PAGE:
By Mary Ebeling
The City of Houston Metro Transit Agency, after years of declining transit ridership associated with dispersal of jobs and other destinations away from the city’s core service area, embarked on an ambitious multi-year effort to redesign its system to better serve the community’s transportation needs. Through partnerships with an array of stakeholders, the agency determined that the old bus network faced both geographical and temporal challenges. It no longer served current employment centers or other critical destinations, and it failed to provide frequent and useful service to people needing to travel outside the traditional morning and evening peak hours. As the nation’s fourth largest metro area, measuring 600-square miles, many eyes are on Houston as the switch is implemented. Lessons learned in this city about the importance of issues such as frequent service or connectivity could help guide other agencies, large and small, that are contemplating similar efforts.
To meet these challenges Metro developed a completely new network. The agency also set an ambitious goal of achieving a 20 percent increase in transit ridership within 2 years of the system reconfiguration while simultaneously working within the existing budget. The new network, as pointed out by Human Transit consultant Jarrett Walker, “provides seven-day-a-week all-day frequent service linking 1 million people to 1 million jobs, up from less than ½ million…”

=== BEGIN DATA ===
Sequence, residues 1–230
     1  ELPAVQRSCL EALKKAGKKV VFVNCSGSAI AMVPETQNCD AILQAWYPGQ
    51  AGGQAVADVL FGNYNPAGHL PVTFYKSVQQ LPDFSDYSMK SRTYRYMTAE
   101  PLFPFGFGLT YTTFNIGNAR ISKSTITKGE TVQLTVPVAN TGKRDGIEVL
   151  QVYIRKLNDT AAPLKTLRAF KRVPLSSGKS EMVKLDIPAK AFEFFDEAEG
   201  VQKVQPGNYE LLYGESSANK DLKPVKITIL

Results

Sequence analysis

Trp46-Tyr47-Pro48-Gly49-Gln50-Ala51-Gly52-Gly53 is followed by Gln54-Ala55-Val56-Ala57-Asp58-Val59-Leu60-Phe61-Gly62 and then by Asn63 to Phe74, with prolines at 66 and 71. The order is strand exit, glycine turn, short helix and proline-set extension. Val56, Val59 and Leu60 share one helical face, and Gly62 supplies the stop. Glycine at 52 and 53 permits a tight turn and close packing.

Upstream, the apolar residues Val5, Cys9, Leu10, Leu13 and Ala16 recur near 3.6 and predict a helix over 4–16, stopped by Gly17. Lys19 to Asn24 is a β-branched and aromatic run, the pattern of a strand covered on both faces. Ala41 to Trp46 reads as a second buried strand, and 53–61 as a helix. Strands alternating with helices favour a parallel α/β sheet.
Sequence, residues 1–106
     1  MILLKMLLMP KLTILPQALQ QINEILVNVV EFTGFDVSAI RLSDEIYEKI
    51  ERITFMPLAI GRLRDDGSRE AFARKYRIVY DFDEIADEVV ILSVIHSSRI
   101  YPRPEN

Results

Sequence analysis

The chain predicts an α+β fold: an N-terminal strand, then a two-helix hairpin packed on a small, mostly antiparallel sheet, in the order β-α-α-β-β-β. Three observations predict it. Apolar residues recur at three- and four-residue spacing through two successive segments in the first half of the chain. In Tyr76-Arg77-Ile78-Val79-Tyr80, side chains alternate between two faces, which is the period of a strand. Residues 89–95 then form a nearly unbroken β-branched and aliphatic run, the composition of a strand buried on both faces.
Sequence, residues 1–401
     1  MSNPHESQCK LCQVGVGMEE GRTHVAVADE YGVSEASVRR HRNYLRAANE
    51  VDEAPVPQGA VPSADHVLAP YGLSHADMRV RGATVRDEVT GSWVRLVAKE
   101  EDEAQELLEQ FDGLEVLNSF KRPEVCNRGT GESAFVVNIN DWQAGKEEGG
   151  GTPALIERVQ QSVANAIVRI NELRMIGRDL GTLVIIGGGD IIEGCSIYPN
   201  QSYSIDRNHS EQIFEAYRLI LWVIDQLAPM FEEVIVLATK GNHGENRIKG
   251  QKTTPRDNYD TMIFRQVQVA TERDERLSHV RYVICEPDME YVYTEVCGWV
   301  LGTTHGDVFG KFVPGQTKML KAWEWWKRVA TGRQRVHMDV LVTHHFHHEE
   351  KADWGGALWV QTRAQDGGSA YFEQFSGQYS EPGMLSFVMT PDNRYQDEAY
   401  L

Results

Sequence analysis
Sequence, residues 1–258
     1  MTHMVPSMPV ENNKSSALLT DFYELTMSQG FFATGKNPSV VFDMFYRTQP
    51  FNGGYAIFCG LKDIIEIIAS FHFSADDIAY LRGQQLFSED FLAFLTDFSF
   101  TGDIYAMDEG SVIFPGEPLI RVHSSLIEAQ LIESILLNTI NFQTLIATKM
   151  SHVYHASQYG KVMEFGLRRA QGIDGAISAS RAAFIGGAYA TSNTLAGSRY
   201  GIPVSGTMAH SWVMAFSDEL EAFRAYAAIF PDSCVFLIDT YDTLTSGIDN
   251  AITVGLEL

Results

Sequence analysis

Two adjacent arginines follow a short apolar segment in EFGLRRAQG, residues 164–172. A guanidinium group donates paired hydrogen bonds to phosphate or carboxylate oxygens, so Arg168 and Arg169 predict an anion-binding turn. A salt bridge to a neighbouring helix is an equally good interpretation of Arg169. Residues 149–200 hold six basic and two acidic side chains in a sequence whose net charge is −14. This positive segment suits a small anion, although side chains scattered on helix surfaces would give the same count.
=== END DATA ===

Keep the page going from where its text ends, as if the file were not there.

Rather than taking an incremental approach, Houston’s transit agency made a complete change overnight. On Saturday, August 15th, riders used the old routes and schedules. The next day, Sunday, August 16th, the new network was in place, complete with new signs, route and stop numbers, and maps. To encourage old and new riders to try the new transit system, Houston Metro waived fares for the first week, resulting in a 24 percent increase in ridership. In addition, Metro customer service staff was available at bus stops and transit stations to assist customers with trip planning and to answer questions. New technologies like next bus texting and smart phone apps are also in place to help smooth the transition to the new system.
The new gridded network prioritizes direct routes, better integrates with the city’s three rail lines, and offers frequent service with 15-minute headways on the busiest corridors seven days a week. Routes with lower demand run on 30-or 60-minute headways. A dual trip planner compares the new routes and frequencies with the old system maps.
Metro has heard both positive and negative feedback about the new routes. Some riders are pleased to discover their trip is shorter while others now have to juggle additional transfers. Questions related to compliance with Title VI of the Civil Rights Act specific to service allocation have surfaced. As of this writing, the new network is less than a month into implementation, so any evaluation is still very preliminary. Going forward, Metro staff knows that it will need to make adjustments to the new system and notes that this is to be expected with such a major overhaul to a system that has not seen updates since the 1970s.
Mary Ebeling is a Transportation Policy Analyst at SSTI.
By Mary Ebeling